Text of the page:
Say I want to make an "Optimized query generator". Basically a SQL query optimizer that is a lot better than what can be put in an SQL server based on time/space limitations. It would take a query and DB stats as input and generate an SQL query tailored for the target system that will quickly optimize to a nearly ideal plan.
How much of SQL would need to be supported? Is there a subset of SQL that is flexible enough to easily describe most useful queries but enough smaller than full SQL to make it worth trimming it down to? Also is there a better way to describe queries if you don't need to stick "close to the machine"?
I'm not thinking of a program that you would process existing SQL through but rather a tool for creating new SQL from. It wouldn't actual need to take SQL as input as long as the input language is able to describe the requirements of the query.
I guess another form of the question would be: are their any parts of SQL that are only there for performance and never improve readability/understandability?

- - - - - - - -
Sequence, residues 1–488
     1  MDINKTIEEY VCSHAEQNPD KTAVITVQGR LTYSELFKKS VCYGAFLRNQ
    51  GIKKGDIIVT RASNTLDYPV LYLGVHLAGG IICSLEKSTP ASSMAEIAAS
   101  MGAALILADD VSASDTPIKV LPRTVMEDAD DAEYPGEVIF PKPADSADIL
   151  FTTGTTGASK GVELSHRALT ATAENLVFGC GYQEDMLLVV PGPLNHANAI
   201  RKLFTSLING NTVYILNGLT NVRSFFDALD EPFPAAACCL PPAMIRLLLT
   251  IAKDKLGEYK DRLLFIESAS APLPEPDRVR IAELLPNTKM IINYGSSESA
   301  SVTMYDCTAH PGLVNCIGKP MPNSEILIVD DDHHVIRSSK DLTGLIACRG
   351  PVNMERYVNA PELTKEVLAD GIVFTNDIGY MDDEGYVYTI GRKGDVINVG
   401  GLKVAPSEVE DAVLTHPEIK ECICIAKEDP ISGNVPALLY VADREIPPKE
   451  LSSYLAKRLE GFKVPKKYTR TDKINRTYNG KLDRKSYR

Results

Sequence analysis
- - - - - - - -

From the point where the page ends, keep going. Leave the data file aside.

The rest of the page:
As pointed out by someone doing this would require "tons of product-specific knowledge" and that (e.g. nested sub queries vs whatever, what kind of indexes should be used, that sort of thing) is exactly what the tool would be intended to encapsulate so that the user doesn't need to learn that knowledge.
note: I am not interested in generating actual query plans as that is the DBMS's job and can't be done from SQL anyway. I'm interested in a system that can automate the job of making good SQL for a given DBMS from an input that doesn't need to be tuned for that DBMS.